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WSU’s Neuromorphic sensor to go on International Space Station (ISS)

Artist’s rendering of WSU’s Neuromorphic sensor.

A Western Sydney University Space Situational Awareness (SSA) sensor based on neuromorphic technology will go into orbit early next year aboard the International Space Station (ISS).

The sensor will be installed aboard the ISS to capture Transient Luminous Events (TLE), a recently discovered atmospheric phenomenon. Associate Professor Gregory Cohen, lead researcher at WSU’s International Centre for Neuromorphic Systems, says TLEs impact the Earth’s atmosphere and have potential to disrupt critical global communications systems and high-altitude aircraft, but our knowledge of their behaviour is currently limited and neuromorphic cameras offer an exciting new possibility.

“Drawing inspiration from biology, our cameras operate more like a human eye than a conventional camera, are extremely fast and data-efficient, making them perfect for use in space,” explains Associate Professor Cohen.

“TLEs happen above large thunderstorms and appear like lightening that travels upward from the clouds into the atmosphere, instead of the usual lightening that travels down toward the ground,” he said.

“These cameras have never been used in this way before, the technology is a really significant innovation, developed in Western Sydney, that we’ll be looking to take forward with the Australian space industry,” said Associate Professor Cohen.

The flight hardware is currently being assembled by WSU at its Werrington campus and by the US Air Force Academy at Colorado Springs; it will be transported to the ISS in a re-supply mission early in 2021. The data collected will be analysed at WSU.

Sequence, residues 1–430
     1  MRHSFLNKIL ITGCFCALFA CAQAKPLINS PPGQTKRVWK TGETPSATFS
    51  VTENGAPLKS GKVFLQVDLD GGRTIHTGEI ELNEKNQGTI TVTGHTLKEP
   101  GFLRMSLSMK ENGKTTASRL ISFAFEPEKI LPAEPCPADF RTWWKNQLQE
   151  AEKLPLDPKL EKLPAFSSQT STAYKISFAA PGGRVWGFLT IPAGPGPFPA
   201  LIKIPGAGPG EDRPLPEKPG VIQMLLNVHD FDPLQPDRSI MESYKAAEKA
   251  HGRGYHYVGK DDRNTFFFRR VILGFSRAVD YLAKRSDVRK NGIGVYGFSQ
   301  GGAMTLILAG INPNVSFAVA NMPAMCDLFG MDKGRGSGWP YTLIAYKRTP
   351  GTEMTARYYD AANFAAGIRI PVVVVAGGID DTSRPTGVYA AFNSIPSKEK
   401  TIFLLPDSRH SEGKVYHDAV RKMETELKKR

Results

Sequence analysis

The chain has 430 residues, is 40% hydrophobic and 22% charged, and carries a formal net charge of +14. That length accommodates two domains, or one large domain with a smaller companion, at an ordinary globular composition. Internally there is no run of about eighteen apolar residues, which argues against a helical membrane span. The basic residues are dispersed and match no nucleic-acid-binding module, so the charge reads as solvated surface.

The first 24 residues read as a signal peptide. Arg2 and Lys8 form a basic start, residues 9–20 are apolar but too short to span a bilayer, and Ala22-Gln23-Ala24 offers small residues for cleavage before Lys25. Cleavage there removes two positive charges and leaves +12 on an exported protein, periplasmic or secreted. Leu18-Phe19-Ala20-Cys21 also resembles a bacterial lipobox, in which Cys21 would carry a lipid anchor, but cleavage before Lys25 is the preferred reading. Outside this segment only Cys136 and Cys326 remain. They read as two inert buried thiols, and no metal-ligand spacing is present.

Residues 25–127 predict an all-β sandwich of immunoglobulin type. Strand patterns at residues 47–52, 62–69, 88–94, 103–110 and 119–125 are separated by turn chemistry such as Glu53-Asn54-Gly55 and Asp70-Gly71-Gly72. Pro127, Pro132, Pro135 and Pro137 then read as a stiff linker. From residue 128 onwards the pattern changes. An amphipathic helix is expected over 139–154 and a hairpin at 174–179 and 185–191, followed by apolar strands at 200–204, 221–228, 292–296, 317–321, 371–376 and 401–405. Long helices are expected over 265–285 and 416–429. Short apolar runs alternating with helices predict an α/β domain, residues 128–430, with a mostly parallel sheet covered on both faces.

The WSU Neuromorphic system came into prominence at last year’s Avalon Air Show near Melbourne where a demonstrator funded by the RAAF’s Plan Jericho attracted much attention.

The Neuromorphic camera can capture the movement of orbital bodies travelling too fast to be seen by a conventional camera. It uses sensors akin to those in a digital camera, but each sensor is separate from its neighbours and responds only to changes that it detects.

The resulting camera, says A/Prof. Cohen, requires less power but detects more difficult targets in real time, and has a higher data rate. This means it can be small and light – perfect for both orbital SSA and Earth Observation (EO) and surveillance on a cubesat-size platform.

The RAAF is attracted by the fact that the neuromorphic technology works both by day and night and, unlike radar, is not power-hungry; the pixels in WSU’s camera sensors only react when they detect movement, so their power demand is very low.

Professor Deborah Sweeney, Deputy Vice-Chancellor Research, Enterprise & International, described the project as an exciting example of the applied R&D partnerships being driven at WSU.

“The project with the ISS is just one of many applications of neuromorphic systems – the University is working with government, big-tech partners and local businesses to use this platform to solve real-world challenges and create new industry,” said Professor Sweeney.

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